On a lighter note, here is a very interesting blog piece, bringing some sort of similarity to the giant component behaviour on a pile of staple pins. This is sort of a layman view of the Erdos Renyi explanation.

In one version of the Erdős-Rényi process, one start with a set of $n$ isolated vertices and then keep adding random edges one at a time;  More specifically, at each stage one choose two vertices at random from among all pairs that are not already connected, then draw an edge between them. It turns out there’s a dramatic change in the nature of the graph when the number of edges reaches $n/2$ . Below this threshold, the graph consists of many small, isolated components; above $n/2$, the fragments coalesce into one giant component that includes almost all the vertices. “The Birth of the Giant Component” was later described in greater detail in an even bigger paper–it filled an entire issue of Random Structures and Algorithms (1993, 4:233–358)–by Svante Janson, Donald E. Knuth, Tomasz Luczak and Boris Pittel.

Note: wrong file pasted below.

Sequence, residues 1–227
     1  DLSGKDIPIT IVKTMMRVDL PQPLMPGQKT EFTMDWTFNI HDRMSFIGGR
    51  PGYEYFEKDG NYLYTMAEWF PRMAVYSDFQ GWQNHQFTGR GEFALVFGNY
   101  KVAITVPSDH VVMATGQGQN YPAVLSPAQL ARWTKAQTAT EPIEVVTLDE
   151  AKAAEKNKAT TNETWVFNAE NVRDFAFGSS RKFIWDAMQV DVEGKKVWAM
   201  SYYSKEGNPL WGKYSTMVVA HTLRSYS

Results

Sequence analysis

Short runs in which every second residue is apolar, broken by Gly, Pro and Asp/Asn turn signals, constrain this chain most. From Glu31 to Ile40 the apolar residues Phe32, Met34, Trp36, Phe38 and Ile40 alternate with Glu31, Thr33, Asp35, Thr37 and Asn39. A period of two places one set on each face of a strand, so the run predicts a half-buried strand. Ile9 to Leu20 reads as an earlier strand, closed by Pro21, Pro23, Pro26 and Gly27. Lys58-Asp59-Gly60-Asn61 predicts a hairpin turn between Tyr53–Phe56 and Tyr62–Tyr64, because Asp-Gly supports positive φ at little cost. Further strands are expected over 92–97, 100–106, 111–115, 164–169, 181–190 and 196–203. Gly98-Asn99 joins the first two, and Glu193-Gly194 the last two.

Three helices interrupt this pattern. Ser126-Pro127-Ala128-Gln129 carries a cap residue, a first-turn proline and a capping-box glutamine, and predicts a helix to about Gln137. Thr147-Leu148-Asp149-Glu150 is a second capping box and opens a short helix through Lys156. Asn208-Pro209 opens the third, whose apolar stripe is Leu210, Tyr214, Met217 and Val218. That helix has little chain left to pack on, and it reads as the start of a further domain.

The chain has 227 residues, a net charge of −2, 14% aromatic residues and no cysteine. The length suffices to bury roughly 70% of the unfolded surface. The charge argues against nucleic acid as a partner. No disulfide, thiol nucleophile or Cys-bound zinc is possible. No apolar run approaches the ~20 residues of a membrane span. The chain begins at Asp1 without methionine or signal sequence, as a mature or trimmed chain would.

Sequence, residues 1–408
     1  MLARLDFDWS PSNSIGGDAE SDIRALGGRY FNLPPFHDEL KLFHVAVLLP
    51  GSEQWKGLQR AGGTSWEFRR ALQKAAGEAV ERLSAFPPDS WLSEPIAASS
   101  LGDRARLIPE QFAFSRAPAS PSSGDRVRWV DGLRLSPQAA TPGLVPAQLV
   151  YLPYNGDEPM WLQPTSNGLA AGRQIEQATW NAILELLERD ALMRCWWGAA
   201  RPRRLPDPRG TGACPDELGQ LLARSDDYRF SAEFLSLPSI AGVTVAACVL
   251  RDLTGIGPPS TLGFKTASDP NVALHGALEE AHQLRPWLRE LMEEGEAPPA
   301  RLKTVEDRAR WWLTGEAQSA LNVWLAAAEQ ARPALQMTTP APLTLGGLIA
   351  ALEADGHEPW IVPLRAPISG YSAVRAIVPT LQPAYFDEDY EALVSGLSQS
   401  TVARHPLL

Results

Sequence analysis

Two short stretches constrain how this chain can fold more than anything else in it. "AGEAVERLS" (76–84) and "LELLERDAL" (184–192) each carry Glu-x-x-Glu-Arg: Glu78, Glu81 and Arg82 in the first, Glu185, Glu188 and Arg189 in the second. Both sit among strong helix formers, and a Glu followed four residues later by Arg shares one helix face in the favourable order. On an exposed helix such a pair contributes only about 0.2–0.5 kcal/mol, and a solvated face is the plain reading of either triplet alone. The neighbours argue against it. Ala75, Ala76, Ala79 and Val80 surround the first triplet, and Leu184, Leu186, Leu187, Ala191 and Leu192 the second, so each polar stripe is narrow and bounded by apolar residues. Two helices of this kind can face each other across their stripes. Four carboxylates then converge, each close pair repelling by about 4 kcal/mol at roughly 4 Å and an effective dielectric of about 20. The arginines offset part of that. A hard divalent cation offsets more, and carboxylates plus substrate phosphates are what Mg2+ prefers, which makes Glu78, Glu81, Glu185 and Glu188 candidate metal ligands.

Ofcourse Joel Spencer has written a beautiful article on AMS commemurating the golden anniversity of the giant component.